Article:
China seems to be adopting a dual-track policy approach towards India. On the one side is being lauded the exponential growth in two way trade between the two countries crossing the $20 billion mark as evidence of the growing mutual trust and friendship. On the other hand what is coming to the fore are needling reassertions of issues which at best can be termed as antagonistic towards India and create suspicions of China's long term intentions.
The latter process started on the eve of the visit of the Chinese President to India last year-end when the Chinese Ambassador to India asserted that the whole of Arunachal Pradesh in India is part of Chinese Territory. Earlier the Chinese would assert claims to only the Tawang area of Arunachal Pradesh. Following this the Member of Parliament from Arunachal Pradesh has publicly stated that Chinese patrols have intruded into Indian territory which the Indian Government was at pains to cover up.
Lately, the Chinese Government denied visas to Indian officials from Arunachal Pradesh who were scheduled to visit China as part of a large IAS official delegation. The stand adopted by the Chinese Government was that since Arunachal Pradesh is part of China the issue was infructuous. Now comes the claim that India has built two bunkers in Chinese territory in the Dongchukla area and if they are not removed then the issue could be serious. The Chinese presence continues in the Sumdorong area of Arunachal Pradesh.
All of the above is reminiscent of China's postures pre-1998 which were aimed at needling India unnecessarily. Following India's nuclear weapons tests in 1998, for a year China was livid and gave vent to its spleen. The statements emanating from China then were rabid and venomous and went to the extent of pressurizing the United States to take pro-active steps to roll-back India's nuclear weapons program. In the absence of any such measures by the global powers beyond verbal condemnation, China settled down to accept the new realities and started friendly approaches in the form of high level visits to India by top Chinese leaders.
Much was made of the new approaches by China towards India by the Chinese lobby in India's polity and foreign policy establishment. They were oblivious to the persisting reality that China in tandem with its new approach had not ceased its proxy use of Pakistan to strategically destabilize India with new infusions of missiles in Pakistan's armory and also joint production of combat aircraft and weaponry.
India's China lobby also seemed to forget that China was stoutly opposing India's candidature for Permanent Membership of the UN Security Council as it wished to retain its significance and clout as the only Asian member of the UN Security Council.
Notwithstanding the above, India continued to maintain its friendly approaches towards China hoping that in time the jagged approaches by China towards India would smoothen as the new strategic realities dawned on her.
What were these new strategic realities? A lot of water had flowed down the Tawang River since 1962 when China inflicted a military debacle on India in Arunachal Pradesh. This debacle was not due to any lack of military prowess of the Indian Army but due to military un-preparedness inflicted by Nehru misreading China's intentions. In 2007 India stands as a budding entrant into the big power league. Its economy is booming and it has demonstrated sustained rates of high economic growth. It has become a nuclear weapons power with a second strike capability. India's Armed Forces stand modernized and combat ready to take on any eventuality. India is no longer the pushover of 1962.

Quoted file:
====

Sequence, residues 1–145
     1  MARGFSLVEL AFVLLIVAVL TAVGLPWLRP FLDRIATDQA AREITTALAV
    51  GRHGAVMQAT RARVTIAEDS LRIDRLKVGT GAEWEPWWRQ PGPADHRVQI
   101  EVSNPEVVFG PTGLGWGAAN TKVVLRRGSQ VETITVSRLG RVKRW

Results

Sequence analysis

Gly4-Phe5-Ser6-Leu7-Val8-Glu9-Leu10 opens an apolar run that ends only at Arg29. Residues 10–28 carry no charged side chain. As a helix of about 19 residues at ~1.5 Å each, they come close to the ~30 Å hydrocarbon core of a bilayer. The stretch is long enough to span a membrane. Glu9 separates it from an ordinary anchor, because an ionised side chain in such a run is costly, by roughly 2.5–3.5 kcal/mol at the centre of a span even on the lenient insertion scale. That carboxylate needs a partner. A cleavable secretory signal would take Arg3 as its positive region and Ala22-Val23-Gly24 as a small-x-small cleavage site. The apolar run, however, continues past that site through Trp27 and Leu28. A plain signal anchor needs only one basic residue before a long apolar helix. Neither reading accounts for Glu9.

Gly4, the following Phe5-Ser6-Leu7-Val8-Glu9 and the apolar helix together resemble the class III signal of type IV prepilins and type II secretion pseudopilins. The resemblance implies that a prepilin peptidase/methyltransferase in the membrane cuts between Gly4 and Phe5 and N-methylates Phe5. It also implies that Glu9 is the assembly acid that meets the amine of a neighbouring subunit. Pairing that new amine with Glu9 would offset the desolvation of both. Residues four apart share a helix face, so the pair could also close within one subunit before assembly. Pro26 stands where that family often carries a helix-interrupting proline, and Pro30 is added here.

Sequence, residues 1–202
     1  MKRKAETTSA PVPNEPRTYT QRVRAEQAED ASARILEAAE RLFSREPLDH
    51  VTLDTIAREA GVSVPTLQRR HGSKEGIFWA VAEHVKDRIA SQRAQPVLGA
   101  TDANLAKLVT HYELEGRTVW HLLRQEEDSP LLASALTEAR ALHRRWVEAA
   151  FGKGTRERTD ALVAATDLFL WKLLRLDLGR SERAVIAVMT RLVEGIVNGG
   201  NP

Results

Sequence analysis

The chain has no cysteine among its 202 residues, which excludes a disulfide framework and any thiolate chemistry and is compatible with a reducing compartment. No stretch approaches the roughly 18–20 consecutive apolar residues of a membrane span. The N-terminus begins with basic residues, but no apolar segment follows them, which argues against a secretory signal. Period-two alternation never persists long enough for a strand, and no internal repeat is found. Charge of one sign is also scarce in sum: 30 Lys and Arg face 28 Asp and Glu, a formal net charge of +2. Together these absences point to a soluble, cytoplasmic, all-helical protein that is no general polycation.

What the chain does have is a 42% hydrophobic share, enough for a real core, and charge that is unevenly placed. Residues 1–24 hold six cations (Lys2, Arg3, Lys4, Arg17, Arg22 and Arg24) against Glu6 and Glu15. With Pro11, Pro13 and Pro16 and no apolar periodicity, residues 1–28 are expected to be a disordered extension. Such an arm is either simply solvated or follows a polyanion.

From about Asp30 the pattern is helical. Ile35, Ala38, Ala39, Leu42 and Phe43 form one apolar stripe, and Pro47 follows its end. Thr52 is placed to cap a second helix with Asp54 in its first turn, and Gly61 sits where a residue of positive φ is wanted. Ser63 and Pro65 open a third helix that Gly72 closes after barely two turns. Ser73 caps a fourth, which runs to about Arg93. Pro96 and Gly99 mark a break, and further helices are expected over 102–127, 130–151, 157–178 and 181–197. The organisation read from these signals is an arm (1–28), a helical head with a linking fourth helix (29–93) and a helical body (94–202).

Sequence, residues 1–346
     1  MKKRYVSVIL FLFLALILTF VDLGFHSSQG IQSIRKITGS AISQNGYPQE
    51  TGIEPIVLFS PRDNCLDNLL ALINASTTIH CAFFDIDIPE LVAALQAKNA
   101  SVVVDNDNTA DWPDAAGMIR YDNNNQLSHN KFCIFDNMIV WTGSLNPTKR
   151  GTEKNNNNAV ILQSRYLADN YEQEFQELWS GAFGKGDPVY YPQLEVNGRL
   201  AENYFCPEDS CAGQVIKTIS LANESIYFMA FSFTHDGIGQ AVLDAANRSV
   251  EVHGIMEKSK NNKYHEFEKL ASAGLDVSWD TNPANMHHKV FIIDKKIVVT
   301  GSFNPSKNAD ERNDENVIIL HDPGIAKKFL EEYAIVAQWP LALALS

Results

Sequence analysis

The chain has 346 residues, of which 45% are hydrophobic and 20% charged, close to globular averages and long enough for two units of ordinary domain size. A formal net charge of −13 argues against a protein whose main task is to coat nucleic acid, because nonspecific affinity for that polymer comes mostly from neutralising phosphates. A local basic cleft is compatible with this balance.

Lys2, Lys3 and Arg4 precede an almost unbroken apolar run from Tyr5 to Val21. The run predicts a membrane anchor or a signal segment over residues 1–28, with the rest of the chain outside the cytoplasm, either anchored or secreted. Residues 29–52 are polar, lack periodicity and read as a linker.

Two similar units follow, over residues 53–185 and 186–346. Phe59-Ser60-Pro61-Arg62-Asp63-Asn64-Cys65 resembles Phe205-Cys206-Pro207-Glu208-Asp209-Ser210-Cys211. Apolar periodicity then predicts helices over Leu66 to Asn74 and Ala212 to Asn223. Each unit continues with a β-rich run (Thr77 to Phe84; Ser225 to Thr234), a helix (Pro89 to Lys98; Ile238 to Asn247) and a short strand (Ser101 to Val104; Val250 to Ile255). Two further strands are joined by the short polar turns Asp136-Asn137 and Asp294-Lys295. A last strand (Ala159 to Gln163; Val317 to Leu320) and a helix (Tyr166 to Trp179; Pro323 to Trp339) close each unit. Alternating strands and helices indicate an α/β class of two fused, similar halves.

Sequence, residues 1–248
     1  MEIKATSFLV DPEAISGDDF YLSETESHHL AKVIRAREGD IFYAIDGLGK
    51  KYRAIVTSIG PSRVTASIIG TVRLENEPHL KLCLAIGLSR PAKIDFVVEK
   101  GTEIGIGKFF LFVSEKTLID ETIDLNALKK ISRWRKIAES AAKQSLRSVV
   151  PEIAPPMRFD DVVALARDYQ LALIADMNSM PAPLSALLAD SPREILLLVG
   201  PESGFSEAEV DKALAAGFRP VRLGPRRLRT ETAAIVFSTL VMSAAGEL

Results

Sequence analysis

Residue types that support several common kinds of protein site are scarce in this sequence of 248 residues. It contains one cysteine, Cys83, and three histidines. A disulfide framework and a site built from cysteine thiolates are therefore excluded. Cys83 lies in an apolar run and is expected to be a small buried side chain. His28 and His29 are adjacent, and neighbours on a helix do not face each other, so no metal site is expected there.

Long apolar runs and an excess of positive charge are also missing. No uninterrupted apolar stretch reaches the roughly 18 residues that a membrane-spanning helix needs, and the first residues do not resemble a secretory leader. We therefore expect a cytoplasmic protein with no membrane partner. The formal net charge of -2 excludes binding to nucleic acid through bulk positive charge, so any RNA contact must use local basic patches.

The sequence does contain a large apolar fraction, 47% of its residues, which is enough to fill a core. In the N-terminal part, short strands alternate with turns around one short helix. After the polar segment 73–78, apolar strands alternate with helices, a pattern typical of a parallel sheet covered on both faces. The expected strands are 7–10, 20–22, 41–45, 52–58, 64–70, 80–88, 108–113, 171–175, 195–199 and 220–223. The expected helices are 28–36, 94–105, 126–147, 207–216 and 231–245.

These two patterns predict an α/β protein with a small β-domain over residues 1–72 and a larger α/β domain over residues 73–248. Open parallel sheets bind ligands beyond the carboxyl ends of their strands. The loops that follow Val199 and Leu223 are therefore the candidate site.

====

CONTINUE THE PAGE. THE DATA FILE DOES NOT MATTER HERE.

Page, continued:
Recognizing India's emerging profile the major powers of the world have started taking notice of India and seem engaged in establishing strategic partnerships with India. The most noticeable of these has been the United States-India Strategic Partnership which is under evolution and is acquiring more pronounced contours.
Significant in this process is the finalization of the US-India Civilian Nuclear Deal.
China stands rattled by these new strategic developments as inherent in them is the possibility of an impediment in China's quest for challenging the established status-quo of the global strategic power balance.
Chinese strategic community has been closely following and analyzing the emerging contours of the US-India Strategic Partnership and its implications for China in the long run. Their conclusions do betray a certain strategic uneasiness.
In view of the above, in India one can come to the conclusion that China's reassertion of its antagonistic approaches towards India arises from its strategic displeasure of the growing strategic proximity of India with the United States. Its earlier manifestations have been outlined above along with its latest needling.
India can now expect that China will overwhelmingly oppose the US-India Civilian Nuclear Deal's passage through the IAEA and the NSG both individually and lobbying against it amongst the other members of these bodies.
India should also expect that China would linger on the settlement of the boundary dispute and use it as a strategic pressure point against India. One can also expect a surge in China-Pakistan military cooperation China adding to the existing nuclear reactors in Pakistan as a consequence.
Should India get rattled by China's reassertions of its antagonistic approaches? Definitely not as India today stands poised that much more stronger and not susceptible to political or military coercion from any quarter.
India however needs to closely monitor Chinese counter-moves against India and not once again get bogged down in the Nehruvian mould of implicitly trusting China's friendship rhetoric.